St. Michael’s Well, Well, North Yorkshire

Holy Well:  OS Grid Reference – SE 2633 8176

Also Known as:

  • Mickel Well
  • Mickey Well

Getting Here

Found near the bottom of Holly Hill, as Graeme Chappell tells us, this old site “is located by the side of a narrow lane on the west side of the village of Well (aptly named). The OS map places the well on the north side of the lane, but this is only the outflow from a pipe that carries the water under the road.  The spring actually rises at the foot of a small rock outcrop, on the opposite side of the road.”

Archaeology & History

St. Michael's Well, Well (Bogg 1895)

St. Michael's Well, Well (Bogg 1895)

Although the village of Well is mentioned in Domesday in 1086 and the origin of the place-name derives from “certain springs in the township now known as The Springs, St. Michael’s Well and Whitwell,” very little appears to have been written about this place.  Edmund Bogg (c.1895) wrote that an old iron cup — still there in the 19th century — was attached next to this spring for weary travellers or locals to partake of the fine fresh water.  Nearby there was once an old Roman bath-house and, at the local church, one writer thinks that the appearance of “a fish-bodied female figure…carved into one of the external window lintels” is representative of the goddess of these waters.  Not so sure misself — but I’m willing to be shown otherwise.

Folklore

Around 1895, that old traveller Edmund Bogg once again wrote how the villagers at Well village called this site the Mickey or Mickel Well,* explaining: “the Saxons dwelling at this spot reverently dedicated this spring of water to St. Michael.” A dragon-slayer no less!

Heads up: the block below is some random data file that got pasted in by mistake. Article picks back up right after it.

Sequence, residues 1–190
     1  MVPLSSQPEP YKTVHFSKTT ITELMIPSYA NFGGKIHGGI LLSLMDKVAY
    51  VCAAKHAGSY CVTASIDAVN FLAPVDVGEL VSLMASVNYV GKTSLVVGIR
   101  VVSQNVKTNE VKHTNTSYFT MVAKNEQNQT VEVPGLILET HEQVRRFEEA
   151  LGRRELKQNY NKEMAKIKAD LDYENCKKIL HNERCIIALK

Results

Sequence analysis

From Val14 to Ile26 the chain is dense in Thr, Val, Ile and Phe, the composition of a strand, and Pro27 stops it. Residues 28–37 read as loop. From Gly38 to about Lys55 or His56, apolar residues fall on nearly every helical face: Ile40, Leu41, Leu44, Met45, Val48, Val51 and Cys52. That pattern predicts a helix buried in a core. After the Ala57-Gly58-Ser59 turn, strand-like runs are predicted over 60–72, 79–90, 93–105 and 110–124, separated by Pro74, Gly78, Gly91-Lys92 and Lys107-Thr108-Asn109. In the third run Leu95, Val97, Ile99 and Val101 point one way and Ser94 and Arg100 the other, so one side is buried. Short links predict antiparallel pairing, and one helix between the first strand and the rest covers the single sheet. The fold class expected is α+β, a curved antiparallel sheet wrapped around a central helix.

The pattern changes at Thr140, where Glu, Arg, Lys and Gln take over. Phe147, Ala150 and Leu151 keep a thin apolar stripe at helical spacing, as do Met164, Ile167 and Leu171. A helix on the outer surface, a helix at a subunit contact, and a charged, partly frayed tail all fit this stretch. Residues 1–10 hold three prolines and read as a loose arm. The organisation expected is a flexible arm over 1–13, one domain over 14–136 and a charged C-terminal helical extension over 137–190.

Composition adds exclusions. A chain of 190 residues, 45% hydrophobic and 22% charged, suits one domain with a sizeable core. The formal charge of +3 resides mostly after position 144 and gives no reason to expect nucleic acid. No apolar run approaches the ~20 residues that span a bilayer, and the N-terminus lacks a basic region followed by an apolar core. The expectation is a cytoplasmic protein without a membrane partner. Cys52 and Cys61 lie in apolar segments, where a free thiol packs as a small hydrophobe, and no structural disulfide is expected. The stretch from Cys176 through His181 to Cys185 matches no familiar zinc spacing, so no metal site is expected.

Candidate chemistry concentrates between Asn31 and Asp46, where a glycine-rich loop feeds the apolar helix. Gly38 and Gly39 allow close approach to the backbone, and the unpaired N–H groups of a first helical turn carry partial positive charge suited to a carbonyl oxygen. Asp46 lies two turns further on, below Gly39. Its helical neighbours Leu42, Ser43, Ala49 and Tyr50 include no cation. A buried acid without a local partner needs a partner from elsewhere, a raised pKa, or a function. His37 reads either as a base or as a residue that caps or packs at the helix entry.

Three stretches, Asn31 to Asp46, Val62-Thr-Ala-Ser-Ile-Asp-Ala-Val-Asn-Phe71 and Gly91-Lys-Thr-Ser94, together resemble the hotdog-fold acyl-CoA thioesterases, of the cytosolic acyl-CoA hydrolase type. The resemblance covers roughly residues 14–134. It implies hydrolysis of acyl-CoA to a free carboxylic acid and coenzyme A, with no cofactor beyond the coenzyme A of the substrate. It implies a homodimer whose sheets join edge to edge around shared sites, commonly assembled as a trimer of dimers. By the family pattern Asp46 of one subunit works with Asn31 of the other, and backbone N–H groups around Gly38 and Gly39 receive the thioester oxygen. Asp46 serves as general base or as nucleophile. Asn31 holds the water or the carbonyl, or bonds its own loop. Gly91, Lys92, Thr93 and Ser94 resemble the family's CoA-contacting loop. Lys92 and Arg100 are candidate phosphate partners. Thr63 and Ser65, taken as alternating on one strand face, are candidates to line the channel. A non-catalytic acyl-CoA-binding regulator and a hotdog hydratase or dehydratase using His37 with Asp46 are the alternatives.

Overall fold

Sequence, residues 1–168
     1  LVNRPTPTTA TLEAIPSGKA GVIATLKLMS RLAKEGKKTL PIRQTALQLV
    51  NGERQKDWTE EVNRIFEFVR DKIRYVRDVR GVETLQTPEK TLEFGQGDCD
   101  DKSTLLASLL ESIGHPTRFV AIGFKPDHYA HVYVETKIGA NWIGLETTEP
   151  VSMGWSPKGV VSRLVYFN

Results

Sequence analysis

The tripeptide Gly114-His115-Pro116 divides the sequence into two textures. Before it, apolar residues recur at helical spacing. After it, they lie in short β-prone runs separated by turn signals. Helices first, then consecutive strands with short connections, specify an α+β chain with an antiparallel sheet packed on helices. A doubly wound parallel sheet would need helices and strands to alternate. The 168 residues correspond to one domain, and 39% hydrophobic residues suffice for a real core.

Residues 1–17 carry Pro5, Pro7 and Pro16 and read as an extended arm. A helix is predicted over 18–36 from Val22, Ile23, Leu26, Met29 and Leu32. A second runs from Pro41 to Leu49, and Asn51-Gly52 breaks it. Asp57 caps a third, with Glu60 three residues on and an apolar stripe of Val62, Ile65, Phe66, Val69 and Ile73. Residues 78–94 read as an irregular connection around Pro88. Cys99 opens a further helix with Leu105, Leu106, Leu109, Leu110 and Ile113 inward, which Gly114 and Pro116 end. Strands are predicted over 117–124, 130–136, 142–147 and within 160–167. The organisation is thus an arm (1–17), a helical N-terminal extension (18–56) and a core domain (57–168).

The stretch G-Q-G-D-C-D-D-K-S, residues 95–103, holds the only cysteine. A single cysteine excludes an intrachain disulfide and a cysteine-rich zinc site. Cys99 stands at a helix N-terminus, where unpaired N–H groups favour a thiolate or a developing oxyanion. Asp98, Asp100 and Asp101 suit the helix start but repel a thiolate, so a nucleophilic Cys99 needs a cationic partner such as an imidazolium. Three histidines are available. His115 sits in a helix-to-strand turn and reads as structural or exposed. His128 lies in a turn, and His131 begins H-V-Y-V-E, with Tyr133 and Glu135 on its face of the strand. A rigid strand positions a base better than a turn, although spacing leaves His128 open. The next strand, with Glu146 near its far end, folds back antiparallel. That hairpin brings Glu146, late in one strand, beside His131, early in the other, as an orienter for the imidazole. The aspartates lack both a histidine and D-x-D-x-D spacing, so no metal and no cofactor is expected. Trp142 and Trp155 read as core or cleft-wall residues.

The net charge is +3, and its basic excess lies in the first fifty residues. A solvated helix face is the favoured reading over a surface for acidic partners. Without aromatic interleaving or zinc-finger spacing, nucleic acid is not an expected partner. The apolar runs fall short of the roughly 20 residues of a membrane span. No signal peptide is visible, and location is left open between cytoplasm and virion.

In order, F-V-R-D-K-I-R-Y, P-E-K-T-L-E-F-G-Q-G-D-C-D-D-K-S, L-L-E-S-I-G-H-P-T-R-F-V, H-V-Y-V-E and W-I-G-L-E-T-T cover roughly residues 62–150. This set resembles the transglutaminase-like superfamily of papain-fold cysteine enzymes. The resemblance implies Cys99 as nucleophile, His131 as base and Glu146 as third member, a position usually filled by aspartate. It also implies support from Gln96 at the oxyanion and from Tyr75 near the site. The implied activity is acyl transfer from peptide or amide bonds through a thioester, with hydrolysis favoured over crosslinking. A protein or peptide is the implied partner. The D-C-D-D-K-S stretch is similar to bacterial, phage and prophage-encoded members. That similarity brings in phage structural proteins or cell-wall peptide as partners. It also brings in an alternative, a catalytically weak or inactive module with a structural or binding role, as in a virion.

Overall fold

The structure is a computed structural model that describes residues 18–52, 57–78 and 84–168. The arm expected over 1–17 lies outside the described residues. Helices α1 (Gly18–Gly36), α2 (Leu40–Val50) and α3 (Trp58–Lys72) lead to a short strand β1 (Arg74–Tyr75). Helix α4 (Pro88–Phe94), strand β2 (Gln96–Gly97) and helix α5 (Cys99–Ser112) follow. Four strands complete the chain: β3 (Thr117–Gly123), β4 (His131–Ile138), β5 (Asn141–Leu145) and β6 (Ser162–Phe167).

Although not realising the Michael/dragon connection, the same writer later goes on to write:

“There is a dim tradition still existing in this village of an enormous dragon having once had its lair in the vicinity of Well, and was a source of terror to the inhabitants, until a champion was found in an ancestor of the Latimers, who went boldly forth like a true knight of olden times, and after a long and terrible fight he slew the monster, hence a dragon on the coat of arms of this family. The scene of the conflict is still pointed out, and is midway between Tanfield and Well.”

This fable occurred very close to the gigantic Thornborough Henges!  It would be sensible to look more closely at the mythic nature of this complex with this legend in mind.  A few miles away in the village of Kirklington, the cult of St. Michael could also be found.

References:

Bogg, Edmund, From Eden Vale to the Plains of York, James Miles: Leeds n.d. (c.1895)
Smith, A.H., The Place-Names of the North Riding of Yorkshire, Cambridge University Press 1928.

* In old english the word ‘micel‘ (which usually accounts for this word) means big or great. On the same issue, the ‘Holly Hill’ in the case here at Well actually derives from the holly tree and NOT a ‘holy’ well. However, check the folklore of this tree in Britain and you find a whole host of heathen stuff.

© Paul Bennett, The Northern Antiquarian

About megalithix

Occultist, prehistorian and independent archaeological researcher, specializing in prehistoric rock art, Neolithic, Bronze Age & Iron Age sites, and the animistic cosmologies of pre-Christian & traditional cultures.
This entry was posted in Holy Wells, Yorkshire, North and tagged , , , , , , , , , , , , , , , . Bookmark the permalink.

2 Responses to St. Michael’s Well, Well, North Yorkshire

  1. noynafox says:

    The cistern to which the waters of St Michael’s Well are piped, on the north side of the road, has been restored in recent times, and is in a walled enclosure by the roadside. There is shown on the 1856 OS 6″ map a ‘St Michael’s Hospital’ and a Public House called ‘The Griffin’s Head’ in Well.

  2. Alllen Daniel says:

    it was dug out on the southern side years back by the late david kiching with his jcb and myself but it filled back in over time there is a gap in the wall the water is out of limestone and is crystal clear

Leave a Reply

Fill in your details below or click an icon to log in:

WordPress.com Logo

You are commenting using your WordPress.com account. Log Out /  Change )

Google photo

You are commenting using your Google account. Log Out /  Change )

Twitter picture

You are commenting using your Twitter account. Log Out /  Change )

Facebook photo

You are commenting using your Facebook account. Log Out /  Change )

Connecting to %s

This site uses Akismet to reduce spam. Learn how your comment data is processed.